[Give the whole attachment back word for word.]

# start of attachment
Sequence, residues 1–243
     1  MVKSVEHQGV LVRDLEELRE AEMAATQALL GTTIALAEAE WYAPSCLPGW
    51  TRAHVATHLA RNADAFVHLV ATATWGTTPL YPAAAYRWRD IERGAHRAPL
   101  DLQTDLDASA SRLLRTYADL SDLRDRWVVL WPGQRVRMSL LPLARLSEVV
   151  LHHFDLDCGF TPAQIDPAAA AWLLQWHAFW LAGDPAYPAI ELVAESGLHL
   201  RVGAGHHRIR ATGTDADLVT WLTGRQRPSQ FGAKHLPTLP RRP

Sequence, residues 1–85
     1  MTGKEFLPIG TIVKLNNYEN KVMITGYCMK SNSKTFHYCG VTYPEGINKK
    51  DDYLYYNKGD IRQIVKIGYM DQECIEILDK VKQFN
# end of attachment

Sequence, residues 1–243
     1  MVKSVEHQGV LVRDLEELRE AEMAATQALL GTTIALAEAE WYAPSCLPGW
    51  TRAHVATHLA RNADAFVHLV ATATWGTTPL YPAAAYRWRD IERGAHRAPL
   101  DLQTDLDASA SRLLRTYADL SDLRDRWVVL WPGQRVRMSL LPLARLSEVV
   151  LHHFDLDCGF TPAQIDPAAA AWLLQWHAFW LAGDPAYPAI ELVAESGLHL
   201  RVGAGHHRIR ATGTDADLVT WLTGRQRPSQ FGAKHLPTLP RRP

Sequence, residues 1–85
     1  MTGKEFLPIG TIVKLNNYEN KVMITGYCMK SNSKTFHYCG VTYPEGINKK
    51  DDYLYYNKGD IRQIVKIGYM DQECIEILDK VKQFN